"I still think about Vietnam a lot," said Crandall. "I have wonderful memories of the people I served with." Despite the horrors of war that he experienced - and the many times his life was on the line - "I don't really have bad memories," he added.

"I had very experienced pilots," said Crandall, who served as a flight mission commander and was an Army engineer. Three of the four company commanders in the 229th [Assault Helicopter Battalion] were engineers. We were bush pilots, who had flown in areas of the world that hadn't yet been mapped."

Crandall commanded 16 helicopter crews of the 1st Cavalry Division's Company A, 229th AHB that lifted troops on a search-and-destroy mission from Plei Me to Landing Zone X-Ray in what would become the most vicious fight of the Vietnam War to that date.

Then-LTC Harold G. Moore, commander of the 1st Cav. Div.'s 1st Bn., 7th Cav. Regiment depended on then-MAJ Crandall's helicopters to insert his Soldiers of the 1st Bn. into the LZ.

On the fifth and final troop lift, which involved eight helicopters, the LZ was under horrific enemy fire by small arms, automatic weapons, mortars and rockets.

As Crandall's helicopter landed and Soldiers exited, three Soldiers were wounded and three killed. Remaining helicopters waiting to land were ordered to abort and return to base.

When Crandall returned to the base, he learned that all medevac assistance had been cut off to the men of the 1/7 "due to the policy of the time," Crandall said. "The medevac pilots were all great pilots, but they weren't allowed to land on a landing zone until it was 'green' for a period of five minutes," meaning it wasn't being relentlessly attacked.

Crandall made the decision - without anyone requesting that he do so - to fly the medevac missions. When he asked for volunteers, his former colleague in Vietnam, Maj. (ret.) Ed Freeman, who had been his friend for 10 years before they deployed together to Vietnam, immediately stepped forward.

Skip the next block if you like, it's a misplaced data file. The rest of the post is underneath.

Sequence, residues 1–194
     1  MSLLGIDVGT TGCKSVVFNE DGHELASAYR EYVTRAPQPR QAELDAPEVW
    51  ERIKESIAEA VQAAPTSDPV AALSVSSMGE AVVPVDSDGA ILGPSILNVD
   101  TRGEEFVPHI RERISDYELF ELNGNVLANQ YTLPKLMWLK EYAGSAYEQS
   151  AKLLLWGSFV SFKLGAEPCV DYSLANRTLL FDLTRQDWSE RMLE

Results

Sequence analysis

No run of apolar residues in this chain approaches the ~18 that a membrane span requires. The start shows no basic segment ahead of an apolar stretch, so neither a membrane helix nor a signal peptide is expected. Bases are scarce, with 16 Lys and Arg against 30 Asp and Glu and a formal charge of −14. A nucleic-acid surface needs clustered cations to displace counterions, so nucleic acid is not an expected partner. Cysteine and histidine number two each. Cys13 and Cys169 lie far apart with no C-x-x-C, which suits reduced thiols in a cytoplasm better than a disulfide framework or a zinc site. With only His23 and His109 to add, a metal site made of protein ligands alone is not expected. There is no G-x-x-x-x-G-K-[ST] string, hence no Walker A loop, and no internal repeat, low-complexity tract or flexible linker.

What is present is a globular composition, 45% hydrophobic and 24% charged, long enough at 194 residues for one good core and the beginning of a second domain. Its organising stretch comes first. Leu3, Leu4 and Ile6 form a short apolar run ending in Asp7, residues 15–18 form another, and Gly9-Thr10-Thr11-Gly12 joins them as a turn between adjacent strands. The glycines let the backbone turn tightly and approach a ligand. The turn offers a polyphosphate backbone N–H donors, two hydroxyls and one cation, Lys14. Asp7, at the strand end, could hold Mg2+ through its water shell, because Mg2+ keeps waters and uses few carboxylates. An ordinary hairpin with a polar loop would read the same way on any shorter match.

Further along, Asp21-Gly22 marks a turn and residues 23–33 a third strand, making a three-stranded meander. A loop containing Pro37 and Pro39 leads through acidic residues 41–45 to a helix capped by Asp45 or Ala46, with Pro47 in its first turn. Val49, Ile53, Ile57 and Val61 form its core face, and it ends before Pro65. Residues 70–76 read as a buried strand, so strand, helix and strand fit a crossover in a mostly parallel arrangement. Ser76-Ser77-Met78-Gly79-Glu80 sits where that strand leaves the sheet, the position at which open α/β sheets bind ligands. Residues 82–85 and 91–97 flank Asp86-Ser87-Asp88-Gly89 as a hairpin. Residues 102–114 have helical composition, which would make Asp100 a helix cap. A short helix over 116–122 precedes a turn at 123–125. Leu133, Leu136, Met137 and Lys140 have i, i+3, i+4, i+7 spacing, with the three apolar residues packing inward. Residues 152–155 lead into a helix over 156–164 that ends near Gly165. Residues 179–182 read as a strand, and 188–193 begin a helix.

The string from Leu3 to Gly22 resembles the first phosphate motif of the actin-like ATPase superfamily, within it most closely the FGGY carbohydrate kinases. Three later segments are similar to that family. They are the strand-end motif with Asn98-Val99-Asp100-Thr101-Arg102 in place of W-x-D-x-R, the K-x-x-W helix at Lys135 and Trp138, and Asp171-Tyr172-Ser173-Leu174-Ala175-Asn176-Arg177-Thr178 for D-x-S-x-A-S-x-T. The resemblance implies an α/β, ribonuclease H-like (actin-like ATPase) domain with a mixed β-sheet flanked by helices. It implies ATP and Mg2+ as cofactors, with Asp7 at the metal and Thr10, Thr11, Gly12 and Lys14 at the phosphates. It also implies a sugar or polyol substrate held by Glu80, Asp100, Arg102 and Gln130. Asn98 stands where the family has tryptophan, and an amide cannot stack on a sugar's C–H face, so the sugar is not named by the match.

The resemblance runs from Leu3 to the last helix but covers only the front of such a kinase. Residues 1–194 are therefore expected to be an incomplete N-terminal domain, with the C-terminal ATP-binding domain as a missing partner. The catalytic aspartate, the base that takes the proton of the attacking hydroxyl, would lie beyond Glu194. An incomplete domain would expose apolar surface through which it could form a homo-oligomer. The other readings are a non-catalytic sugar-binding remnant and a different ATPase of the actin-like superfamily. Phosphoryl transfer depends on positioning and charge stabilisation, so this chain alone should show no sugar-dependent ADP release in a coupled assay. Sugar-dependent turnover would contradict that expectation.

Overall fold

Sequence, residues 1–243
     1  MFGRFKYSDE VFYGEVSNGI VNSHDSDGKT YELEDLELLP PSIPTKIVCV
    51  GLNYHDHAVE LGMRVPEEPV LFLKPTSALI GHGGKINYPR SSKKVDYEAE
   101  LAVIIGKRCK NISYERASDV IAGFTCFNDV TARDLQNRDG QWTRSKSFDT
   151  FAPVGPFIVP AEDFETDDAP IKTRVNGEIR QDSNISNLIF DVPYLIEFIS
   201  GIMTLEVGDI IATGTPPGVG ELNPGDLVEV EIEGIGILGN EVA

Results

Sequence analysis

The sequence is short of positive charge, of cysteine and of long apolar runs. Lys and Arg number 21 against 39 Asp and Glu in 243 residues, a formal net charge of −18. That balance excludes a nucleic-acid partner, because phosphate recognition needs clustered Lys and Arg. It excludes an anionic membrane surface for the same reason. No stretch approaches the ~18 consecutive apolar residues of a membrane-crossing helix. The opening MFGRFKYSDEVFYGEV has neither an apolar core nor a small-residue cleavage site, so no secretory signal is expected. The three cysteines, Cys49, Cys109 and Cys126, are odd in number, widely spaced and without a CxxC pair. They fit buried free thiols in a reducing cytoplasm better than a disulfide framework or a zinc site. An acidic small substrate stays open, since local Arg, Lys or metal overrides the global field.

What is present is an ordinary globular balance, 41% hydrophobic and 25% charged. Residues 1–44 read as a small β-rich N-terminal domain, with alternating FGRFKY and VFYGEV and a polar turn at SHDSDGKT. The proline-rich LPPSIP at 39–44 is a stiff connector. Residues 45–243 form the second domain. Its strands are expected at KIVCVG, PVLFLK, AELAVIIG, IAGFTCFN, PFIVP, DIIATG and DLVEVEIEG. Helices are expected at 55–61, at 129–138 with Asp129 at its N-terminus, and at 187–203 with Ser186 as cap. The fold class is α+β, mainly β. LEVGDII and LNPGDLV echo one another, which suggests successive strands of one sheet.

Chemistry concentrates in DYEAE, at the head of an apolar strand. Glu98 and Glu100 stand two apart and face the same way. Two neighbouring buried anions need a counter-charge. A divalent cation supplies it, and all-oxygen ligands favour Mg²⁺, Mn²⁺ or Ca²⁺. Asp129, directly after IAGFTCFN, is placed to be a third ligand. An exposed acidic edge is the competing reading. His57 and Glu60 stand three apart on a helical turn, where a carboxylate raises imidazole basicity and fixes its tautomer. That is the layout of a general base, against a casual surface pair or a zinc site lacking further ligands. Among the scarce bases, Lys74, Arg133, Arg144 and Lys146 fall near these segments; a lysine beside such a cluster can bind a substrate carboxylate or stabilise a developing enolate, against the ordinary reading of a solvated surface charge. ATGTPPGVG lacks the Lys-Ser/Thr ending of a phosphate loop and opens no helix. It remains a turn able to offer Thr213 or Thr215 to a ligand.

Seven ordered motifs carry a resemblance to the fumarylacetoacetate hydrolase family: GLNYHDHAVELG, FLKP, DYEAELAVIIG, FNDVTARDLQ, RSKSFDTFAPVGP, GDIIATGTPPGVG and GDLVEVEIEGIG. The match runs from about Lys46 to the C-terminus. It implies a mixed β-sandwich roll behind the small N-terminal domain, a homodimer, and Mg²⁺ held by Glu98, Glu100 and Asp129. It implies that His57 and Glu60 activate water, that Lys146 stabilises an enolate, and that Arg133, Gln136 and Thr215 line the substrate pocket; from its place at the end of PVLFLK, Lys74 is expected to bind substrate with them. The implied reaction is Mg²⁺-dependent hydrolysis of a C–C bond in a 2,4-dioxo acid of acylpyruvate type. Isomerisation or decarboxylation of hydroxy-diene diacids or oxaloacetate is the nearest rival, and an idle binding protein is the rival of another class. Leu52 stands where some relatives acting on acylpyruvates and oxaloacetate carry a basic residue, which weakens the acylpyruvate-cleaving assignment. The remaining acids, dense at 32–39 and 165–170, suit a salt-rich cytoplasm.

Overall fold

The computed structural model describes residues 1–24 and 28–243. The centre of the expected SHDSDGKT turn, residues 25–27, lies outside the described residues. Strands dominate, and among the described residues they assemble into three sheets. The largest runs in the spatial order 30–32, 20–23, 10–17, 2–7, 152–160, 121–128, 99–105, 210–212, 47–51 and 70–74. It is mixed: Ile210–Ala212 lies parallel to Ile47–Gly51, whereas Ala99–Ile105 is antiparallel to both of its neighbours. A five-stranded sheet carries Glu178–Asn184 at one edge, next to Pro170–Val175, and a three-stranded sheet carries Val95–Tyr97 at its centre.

Crandall's helicopter led the two, and he supervised the loading of seriously wounded Soldiers over the course of 14 landings under intense enemy fire. He and Freeman saved the lives of some 70 wounded Soldiers.

"One of the principal reasons my company survived one of the largest and fiercest battles of the Vietnam War was the critical support provided by the aviators of Co. A, 229th Avn. Bn.," said Col. (ret.) John D. Herren, who commanded the 1st Bn.'s Co. B during the battle.

"These helicopter crews were our lifeline, as they brought battalion units into the LZ," he said. "They evacuated our wounded and brought in water and ammunition, despite intense enemy fire," Herren said.

"I was an eyewitness to one of Crandall's flights," Herren continued. "I was pinned down by intense enemy machine-gun and rifle fire that killed my radio operator and severely wounded the Co. D. commander, Capt. Ray Lefebvre.

Crandall's helicopter landed and evacuated Lefebvre and others. The act of bravery "was extraordinary and inspirational," Herren said...

Continue reading "Overdue - MOH to be awarded to LTC (ret) Bruce Crandall" »

Bush adminstration diplomatic successes?

PRAGUE, Czech Republic -- U.S. plans to extend its ''star wars'' missile-defense program to Europe, which once dismissed the technology as unproven and unneeded, are gaining acceptance among governments here.

Despite Russia's mounting opposition, the Czech Republic, Poland, and -- as of Friday -- Britain have all expressed serious interest in hosting parts of the shield. Other countries traditionally cool to the idea have been notably quiet. The trigger: concern about a nuclear Iran.

''This is all a result of Iran,'' says Tim Williams, a European security analyst. ''Governments see that Iranian missiles can hit Europe, and suddenly they are very worried about the threat from ballistic missiles.''

''What we're seeing now is the product of near on seven years of diplomatic effort led by the Bush administration to get European governments to leave behind the cold-war version of missile defense,'' says Tom Karako, who heads a conservative think tank.